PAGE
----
|Class: Bracy 02
||MWF 10:00 - 10:50 am*
Taught by Bob Ekey
|MWF 11:15 am - 12:05 pm*
Taught by Bob Ekey
|MasteringPhysics Course ID:
|W, 12:30-3:20 pm
Taught by Richelle Teeling-Smith
|W, 6:30-9:20 pm
Taught by Cynthia Smotzer
|Th, 8:10-11:00 am
Taught by Roy McCullough
|Th, 12:30-3:20 pm
Taught by Colin Campbell
Office hours: See the assignments page for current
You set the agenda for office hours. Come with questions about
the lecture, laboratory, reading, homework, exams, grading, or
anything else of concern or interest. Attend in groups or as
an individual. If you would like to discuss something in private,
please make a separate appointment. When multiple people are
present, people will alternate asking questions. If I am not
in my office during office hours, check my white board for a note
of where we are - typically we will meet in the intro
physics labs (Bracy 141 or 142).
Textbook/MasteringPhysics: Physics for Scientists
and Engineers with Modern Physics: A Strategic Approach, 4th
edition, by Randall D. Knight (2017, Pearson/Addison Wesley, ISBN
9780134083148). Please note that you are required to
purchase MasteringPhysics, and must have access to it by the first
day of classes. The site for MasteringPhysics
will provide access to a digital text, online content and online
problems. A physical copy of the text is not required, but may be
useful. MasteringPhysics and the accompanying online text
will be used for both Phy101 and Phy102; thus you will not need to
purchase this again when taking Phy102, assuming you take it in
the spring or following fall semester.
For Phy101, the MasteringPhysics course ID is EKEYS20UMUPHY101
Lecture Notes: The
lecture notes are a critical tool for your learning experience and
are required for class. They contain a summary of the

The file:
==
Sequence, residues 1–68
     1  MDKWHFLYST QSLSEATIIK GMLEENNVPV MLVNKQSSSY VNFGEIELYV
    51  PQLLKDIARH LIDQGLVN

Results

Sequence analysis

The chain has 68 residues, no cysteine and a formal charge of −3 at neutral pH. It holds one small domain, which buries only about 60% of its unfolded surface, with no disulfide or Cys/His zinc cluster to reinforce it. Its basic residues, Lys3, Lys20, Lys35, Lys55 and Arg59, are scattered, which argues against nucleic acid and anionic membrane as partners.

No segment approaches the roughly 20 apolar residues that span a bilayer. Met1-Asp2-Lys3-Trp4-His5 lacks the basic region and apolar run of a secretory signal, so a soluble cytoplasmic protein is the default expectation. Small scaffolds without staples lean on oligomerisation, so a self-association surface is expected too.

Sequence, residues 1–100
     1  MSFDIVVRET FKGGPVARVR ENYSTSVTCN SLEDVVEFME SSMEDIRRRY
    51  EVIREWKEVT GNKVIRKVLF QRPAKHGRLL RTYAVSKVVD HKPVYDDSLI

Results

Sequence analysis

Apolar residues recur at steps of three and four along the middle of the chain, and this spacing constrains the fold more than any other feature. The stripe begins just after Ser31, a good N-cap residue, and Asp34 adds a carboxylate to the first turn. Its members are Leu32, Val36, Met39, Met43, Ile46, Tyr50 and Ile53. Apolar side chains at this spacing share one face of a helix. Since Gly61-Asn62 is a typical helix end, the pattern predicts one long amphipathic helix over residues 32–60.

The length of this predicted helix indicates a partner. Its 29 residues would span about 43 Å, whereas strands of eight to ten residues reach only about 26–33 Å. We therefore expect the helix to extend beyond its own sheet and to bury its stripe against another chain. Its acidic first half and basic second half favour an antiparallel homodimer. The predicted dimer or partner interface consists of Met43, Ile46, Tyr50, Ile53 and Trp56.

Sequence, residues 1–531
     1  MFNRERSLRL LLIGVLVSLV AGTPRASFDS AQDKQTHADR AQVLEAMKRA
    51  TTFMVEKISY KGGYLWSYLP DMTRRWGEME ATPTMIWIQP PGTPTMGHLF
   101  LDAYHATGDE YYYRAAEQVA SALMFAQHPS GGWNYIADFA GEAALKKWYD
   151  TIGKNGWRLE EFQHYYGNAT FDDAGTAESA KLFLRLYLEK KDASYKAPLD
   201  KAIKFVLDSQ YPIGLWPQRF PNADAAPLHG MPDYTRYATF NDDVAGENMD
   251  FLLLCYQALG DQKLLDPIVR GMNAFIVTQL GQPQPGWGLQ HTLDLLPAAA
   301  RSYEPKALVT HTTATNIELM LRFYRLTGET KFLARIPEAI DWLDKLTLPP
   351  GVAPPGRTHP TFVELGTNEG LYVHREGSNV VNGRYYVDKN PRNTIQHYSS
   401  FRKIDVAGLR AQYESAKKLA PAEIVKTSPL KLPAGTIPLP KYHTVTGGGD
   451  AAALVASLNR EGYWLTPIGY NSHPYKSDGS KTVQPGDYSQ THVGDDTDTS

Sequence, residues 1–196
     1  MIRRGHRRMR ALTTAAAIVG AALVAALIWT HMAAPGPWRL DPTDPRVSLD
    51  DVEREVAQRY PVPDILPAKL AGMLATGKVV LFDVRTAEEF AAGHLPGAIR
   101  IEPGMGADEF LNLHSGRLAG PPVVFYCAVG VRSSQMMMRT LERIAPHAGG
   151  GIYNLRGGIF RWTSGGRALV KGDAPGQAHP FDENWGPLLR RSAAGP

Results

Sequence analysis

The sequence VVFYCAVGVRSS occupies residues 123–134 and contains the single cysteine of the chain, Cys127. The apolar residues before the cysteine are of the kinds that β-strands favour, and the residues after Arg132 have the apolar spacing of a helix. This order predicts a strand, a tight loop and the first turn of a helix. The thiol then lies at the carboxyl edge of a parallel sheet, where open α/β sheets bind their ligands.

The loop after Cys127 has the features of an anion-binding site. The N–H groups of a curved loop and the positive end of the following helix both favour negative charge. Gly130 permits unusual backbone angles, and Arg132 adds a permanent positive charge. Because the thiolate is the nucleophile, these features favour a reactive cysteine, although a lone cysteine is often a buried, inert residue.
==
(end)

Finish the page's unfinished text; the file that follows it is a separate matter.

relevant theories and related problems which will be attempted in
class. They are available for download on the assignments page. The
lecture notes for the current week will be posted no later than 9
PM Sunday of the week in question.
You are required to bring the
lecture notes to class.
Content: We will study kinematics, force and motion, work and energy, momentum and collisions, gravity, thermodynamics, rotational motion and oscillations. The course will follow the tentative schedule shown on the assignments page. The assignments page will be updated regularly; you should check it often for reading and homework assignments as well as for adjustments to the schedule. Additional assignments and content will be posted on MasteringPhysics.
Please read each assigned
section before coming to lecture.
Phy101N is a Natural Sciences Foundation Course in the Integrated Core.
Goals: I hope to
expand your knowledge of physics and how it relates to the world,
further develop your analytical, conceptual and critical thinking
skills and enable you to apply physics to real life and
qualitative situations. I also hope you find at least one
concept or application that excites or intrigues you.
Expectations: I expect you to engage the material,
your peers and me both in and out of class and lab in physics
related conversations. I do not expect you to love math in
all of its intricacies but do expect you to have an understanding
of algebra, trigonometry and geometry. An understanding of
calculus will help, but is not required. When problems with
math arise I expect you to seek assistance. You may find
this course challenging and fast paced, but as long as you work
diligently, you will succeed.
I do expect you to abide by the honesty code as described in the Student Handbook. Failure to abide by these rules may cause you to receive an “F” in this course.
Any student with a documented disability needing academic
accommodations is requested to speak with Student Accessibility
Services (Room 88 Hoover-Price Campus Center) and the instructor,